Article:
The lesson from this though, since all this is pretty obvious, would appear to be, dont invest in CF Woodford Equity Funds. 14% over 4.5 years is terrible. You'd have done better in fixed savings accounts.
  • edited 28 February 2019 at 10:11AM
    dunstonhdunstonh Forumite
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    edited 28 February 2019 at 10:11AM
    Does this mean, we should always invest in Accumulations Funds for the best returns?

    Doe your platform charge for reinvestments?
    Is your platform using part of the income to pay its charges (you normally set it from the cash account or via sale of units in the largest fund or proportionately)

    Personally, I always go for income units but the platforms I use dont charge anything for transactions. So, that is not an issue. If yours does, then it an issue for you.
    I am an Independent Financial Adviser (IFA). The comments I make are just my opinion and are for discussion purposes only. They are not financial advice and you should not treat them as such. If you feel an area discussed may be relevant to you, then please seek advice from an Independent Financial Adviser local to you.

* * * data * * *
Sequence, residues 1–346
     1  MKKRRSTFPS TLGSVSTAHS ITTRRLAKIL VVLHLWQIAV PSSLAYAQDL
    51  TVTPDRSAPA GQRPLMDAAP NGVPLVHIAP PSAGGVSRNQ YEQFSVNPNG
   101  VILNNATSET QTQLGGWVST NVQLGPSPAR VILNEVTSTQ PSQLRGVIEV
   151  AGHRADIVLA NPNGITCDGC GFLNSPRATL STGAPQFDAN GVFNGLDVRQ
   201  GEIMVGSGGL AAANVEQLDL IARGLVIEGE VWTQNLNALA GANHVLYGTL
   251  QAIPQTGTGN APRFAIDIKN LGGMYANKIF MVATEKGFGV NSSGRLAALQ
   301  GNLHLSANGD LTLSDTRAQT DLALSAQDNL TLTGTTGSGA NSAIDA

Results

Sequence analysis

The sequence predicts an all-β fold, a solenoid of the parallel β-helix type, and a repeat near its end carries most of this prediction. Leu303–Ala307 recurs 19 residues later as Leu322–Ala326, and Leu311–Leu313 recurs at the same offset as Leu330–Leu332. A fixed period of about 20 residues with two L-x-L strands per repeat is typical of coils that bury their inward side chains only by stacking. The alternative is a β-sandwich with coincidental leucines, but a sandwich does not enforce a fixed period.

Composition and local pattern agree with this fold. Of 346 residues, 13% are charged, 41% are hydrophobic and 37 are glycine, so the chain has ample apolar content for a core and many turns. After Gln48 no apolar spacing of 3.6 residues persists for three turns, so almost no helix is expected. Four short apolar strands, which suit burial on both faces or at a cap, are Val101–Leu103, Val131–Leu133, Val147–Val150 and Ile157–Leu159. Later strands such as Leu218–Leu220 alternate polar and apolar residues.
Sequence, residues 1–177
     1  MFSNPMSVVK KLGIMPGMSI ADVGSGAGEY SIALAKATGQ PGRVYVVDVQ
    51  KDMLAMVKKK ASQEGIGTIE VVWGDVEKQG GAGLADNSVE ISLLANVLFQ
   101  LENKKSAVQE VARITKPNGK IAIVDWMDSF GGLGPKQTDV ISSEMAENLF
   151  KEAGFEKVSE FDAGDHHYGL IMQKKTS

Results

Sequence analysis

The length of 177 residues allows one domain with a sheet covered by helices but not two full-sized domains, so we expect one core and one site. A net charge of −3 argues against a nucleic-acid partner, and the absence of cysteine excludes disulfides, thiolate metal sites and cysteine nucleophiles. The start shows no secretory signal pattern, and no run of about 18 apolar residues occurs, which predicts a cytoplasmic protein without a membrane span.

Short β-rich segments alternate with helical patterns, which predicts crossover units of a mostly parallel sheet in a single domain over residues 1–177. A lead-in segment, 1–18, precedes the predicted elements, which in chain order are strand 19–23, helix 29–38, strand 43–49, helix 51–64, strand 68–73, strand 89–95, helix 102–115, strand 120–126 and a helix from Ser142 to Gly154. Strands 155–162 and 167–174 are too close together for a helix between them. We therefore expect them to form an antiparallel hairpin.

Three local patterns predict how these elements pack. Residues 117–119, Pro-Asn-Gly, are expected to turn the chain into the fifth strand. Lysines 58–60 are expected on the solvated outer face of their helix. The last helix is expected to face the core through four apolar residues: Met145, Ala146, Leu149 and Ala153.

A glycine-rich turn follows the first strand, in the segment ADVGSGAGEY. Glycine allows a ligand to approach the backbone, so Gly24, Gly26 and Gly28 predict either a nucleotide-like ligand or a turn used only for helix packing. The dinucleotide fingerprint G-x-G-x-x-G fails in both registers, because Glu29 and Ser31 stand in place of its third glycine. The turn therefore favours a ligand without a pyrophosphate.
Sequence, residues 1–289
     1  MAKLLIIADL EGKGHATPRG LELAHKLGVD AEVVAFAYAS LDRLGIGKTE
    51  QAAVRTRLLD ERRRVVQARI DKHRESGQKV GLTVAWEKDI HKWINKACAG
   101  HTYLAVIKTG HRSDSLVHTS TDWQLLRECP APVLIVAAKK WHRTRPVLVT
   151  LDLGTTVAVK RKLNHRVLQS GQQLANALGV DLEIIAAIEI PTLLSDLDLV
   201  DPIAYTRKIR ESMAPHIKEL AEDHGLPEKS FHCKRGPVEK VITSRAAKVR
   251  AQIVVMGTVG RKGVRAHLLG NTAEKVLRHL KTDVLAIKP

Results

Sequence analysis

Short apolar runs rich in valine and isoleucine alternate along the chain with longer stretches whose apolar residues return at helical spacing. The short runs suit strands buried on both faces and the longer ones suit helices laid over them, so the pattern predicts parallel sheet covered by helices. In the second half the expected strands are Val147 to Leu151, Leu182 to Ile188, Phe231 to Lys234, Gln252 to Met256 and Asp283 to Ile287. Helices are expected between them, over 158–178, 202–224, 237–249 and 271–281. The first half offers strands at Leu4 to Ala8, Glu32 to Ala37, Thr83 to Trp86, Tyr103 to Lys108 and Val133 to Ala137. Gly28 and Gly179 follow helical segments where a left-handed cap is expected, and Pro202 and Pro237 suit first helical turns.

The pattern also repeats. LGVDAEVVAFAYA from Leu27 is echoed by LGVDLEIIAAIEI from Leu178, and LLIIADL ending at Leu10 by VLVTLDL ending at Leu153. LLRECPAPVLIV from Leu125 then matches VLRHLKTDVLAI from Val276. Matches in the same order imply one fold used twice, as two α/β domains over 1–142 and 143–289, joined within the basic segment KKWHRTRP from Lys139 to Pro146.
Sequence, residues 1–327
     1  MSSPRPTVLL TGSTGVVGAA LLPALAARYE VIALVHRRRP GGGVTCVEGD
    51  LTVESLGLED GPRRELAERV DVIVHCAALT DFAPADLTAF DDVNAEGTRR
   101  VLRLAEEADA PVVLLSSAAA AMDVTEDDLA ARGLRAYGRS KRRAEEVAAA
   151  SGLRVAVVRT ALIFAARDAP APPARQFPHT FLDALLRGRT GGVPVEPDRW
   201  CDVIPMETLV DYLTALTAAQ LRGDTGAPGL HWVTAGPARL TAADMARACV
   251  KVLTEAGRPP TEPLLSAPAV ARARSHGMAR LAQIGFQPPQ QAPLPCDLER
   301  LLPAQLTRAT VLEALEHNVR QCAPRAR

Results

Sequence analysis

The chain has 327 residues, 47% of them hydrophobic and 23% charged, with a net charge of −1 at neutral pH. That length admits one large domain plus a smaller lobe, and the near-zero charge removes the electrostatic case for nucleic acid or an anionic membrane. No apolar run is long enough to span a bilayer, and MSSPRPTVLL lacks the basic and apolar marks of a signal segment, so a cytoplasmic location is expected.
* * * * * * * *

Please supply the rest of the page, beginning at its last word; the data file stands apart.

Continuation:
• LintonLinton Forumite
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    BStubbins wrote: »
    Having been unsure about whether it was best to invest in Accumulation or Income ISAs, in July 2014 I decided to invest in LF Woodford Equity funds. I invested £6,200 in the Accumulation Fund and £6,200 in the Income Fund. Today I checked the value of each fund. It was :
    Accumulation £ 7069 (same number of shares as beginning) - a 14% increase in value
    Income £ 6,595 ( income was re-invested, so there are an additional 551 units) - a 6.3% increase in value

    Does this mean, we should always invest in Accumulations Funds for the best returns?

    Any insight would be welcome


    I would question your figures/interpretation. If you re-invested the INC dividends immediately the only difference would have been dealing costs. According to Trustnet both funds have the same return of about 14% with dividends re-invested since 2014. Arnother possibility - are both funds otherwise the same or could the class (eg A,C,X or whatever) be different?